Dr. Jacqueline Zalumas is a professor of nursing at Mercer University School of Nursing and professor emeritus of the Emory University Medical School. Previously, she served as corrections director for the Southeast AIDS Training Center. She has extensive experience providing training and technical assistance to correctional facilities in the Southeast United States.
Dick Bohrer is a partner at Martin, Blanck and Associates, Inc., a consulting firm to the health care industry and to health care information management and technology companies.
Mr. Bohrer retired in 2004 from the US Public Health Services as assistant Surgeon General and director of the Community Health Center Program after more than 34 years of service. In this capacity, Mr. Bohrer managed a national program to improve access to high-quality primary health care services for underserved and vulnerable populations in the United States.
Thomas Dart is in his sixth year of service at the Cook County Sheriff’s Department, the nation’s second largest of its kind. After serving as chief of staff to former Cook County Sheriff Michael F. Sheahan, he was elected to a four-year term as sheriff in November 2006.
Sheriff Dart began a career in public service as an assistant attorney for Cook County. In 1992, he won a seat in the Illinois House, representing a diverse district on Chicago’s South Side. He received numerous honors for his work in the legislature, including the Illinois State Bar Association’s President’s Commendation and “Legislator of the Year” awards from several groups, including the Illinois Association of Chiefs of Police, the Illinois State Crime Commission, and Mothers Against Drunk Driving.
Ed Dean was made sheriff of Marion County in 1998 through an appointment by the late Florida governor, Lawton Chiles, and was elected to the position in November 2000 and 2004.
Previously, Sheriff Dean served as an attorney at a private practice and held leadership roles in the manufacturing industry. In both the private and public sectors, Sheriff Dean has served on numerous local boards and commissions, including the Marion County Indigent Health Care Council, Marion Regional Manufacturers Association, and several law enforcement associations. Recently, he has led a county-wide effort to merge community and correctional health care.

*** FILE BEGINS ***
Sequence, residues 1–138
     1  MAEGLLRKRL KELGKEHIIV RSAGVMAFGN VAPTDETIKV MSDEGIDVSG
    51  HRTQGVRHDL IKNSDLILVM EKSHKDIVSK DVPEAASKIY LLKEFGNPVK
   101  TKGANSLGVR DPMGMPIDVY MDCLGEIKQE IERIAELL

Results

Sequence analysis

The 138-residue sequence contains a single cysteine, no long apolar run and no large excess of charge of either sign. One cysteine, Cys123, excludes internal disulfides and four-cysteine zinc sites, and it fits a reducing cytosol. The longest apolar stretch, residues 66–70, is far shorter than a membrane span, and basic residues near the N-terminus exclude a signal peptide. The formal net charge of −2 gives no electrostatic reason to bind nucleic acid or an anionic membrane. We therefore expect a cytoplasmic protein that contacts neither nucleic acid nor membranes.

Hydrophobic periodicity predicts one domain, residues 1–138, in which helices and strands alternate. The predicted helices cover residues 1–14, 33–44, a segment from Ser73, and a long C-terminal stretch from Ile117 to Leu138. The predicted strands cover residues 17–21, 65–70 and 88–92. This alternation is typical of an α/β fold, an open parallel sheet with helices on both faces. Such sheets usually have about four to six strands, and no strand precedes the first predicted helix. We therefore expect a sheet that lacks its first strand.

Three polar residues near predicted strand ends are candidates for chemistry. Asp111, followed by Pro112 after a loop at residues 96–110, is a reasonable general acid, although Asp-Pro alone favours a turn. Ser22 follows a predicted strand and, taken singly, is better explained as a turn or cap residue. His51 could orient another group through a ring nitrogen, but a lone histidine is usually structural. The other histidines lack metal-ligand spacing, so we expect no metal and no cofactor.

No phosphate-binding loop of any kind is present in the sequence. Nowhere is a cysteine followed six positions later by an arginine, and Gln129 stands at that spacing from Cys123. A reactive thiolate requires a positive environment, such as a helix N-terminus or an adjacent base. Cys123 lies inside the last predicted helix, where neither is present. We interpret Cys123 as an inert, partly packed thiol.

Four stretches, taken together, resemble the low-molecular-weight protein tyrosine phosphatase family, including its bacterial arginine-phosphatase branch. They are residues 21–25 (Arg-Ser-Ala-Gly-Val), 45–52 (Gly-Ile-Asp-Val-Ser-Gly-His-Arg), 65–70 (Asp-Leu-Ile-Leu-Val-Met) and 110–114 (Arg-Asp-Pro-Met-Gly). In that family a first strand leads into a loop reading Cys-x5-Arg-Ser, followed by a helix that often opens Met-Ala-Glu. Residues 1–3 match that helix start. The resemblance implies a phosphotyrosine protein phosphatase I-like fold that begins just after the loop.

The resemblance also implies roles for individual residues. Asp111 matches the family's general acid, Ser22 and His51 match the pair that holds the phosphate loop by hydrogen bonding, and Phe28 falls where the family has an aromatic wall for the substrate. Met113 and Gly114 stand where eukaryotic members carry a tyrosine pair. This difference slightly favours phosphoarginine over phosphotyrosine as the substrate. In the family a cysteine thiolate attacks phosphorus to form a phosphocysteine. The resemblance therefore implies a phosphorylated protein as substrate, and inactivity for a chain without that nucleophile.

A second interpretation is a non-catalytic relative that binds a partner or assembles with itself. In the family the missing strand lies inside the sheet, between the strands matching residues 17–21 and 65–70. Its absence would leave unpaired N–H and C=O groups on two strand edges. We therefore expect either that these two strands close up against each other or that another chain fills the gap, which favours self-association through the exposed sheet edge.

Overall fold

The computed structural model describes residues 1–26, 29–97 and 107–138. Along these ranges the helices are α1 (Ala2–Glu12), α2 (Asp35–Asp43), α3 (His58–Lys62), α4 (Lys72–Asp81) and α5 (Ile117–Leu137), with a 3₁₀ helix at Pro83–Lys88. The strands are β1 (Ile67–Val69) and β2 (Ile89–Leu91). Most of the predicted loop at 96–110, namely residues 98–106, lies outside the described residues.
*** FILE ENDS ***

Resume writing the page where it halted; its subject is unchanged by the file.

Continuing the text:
Dr. Steven Spencer is board-certified in internal medicine and a Fellow of the American College of Physicians. Following eight years as medical director of the New Mexico Corrections Department, he has been an independent consultant in correctional health care to various state and local jurisdictions, federal courts, the US Department of Justice, and the Royal Government of Cambodia.
Dr. Spencer is a credentialed surveyor for the National Commission on Correctional Health Care and a recipient of the organization’s Bernard P. Harrison Award of Merit. He is also a certified correctional health professional (CCHP-A), a former member of the CCHP Board of Trustees, and a member and former board member of the American Correctional Health Services Association and the Society of Correctional Physicians, respectively.
Dr. Michelle Staples-Horne has been the medical director for the Georgia Department of Juvenile Justice for twelve years, and is responsible for providing medical services to youths served by the Department. She also is president-elect of the Society of Correctional Physicians, and serves on the Health Care Committee of the American Correctional Association and the Juvenile Health Committee for the National Commission on Correctional Health Care.
Dr. Staples-Horne has provided training and consultation to the National Institute on Corrections and the US Centers for Disease Control and Prevention and contributed to several articles and books on correctional health care.
Dr. Marc Stern is a teacher, researcher, and consultant in correctional health care and former Health Services Director for the Washington State Department of Corrections. He is a member of several professional associations, including the American College of Physicians, the Society of Correctional Physicians, the American Correctional Association, and the Washington Correctional Association. Dr. Stern also serves as an affiliate assistant professor at the School of Public Health of the University of Washington.
Previously, he served as the regional medical directors for Correctional Medical Services, Inc., and the New York State Department of Correctional Services.
Frederica Williams is the president and CEO of the Whittier Street Health Center, and has more than 20 years of experience in community-based health care, international public health, strategic planning, revenue control, physician practice management, and health technology.
She currently serves on the Boards of Trustees for New England Eye Institute and Boston Health Net. Williams also serves on the Advisory Boards of the Joslin Diabetes African American Initiative, the Health Resources and Services Administration’s National Cancer Collaborative Dissemination Project, the Global Health/International Women’s Health Initiative, and the Center for Health Options and Innovative Community Empowerment.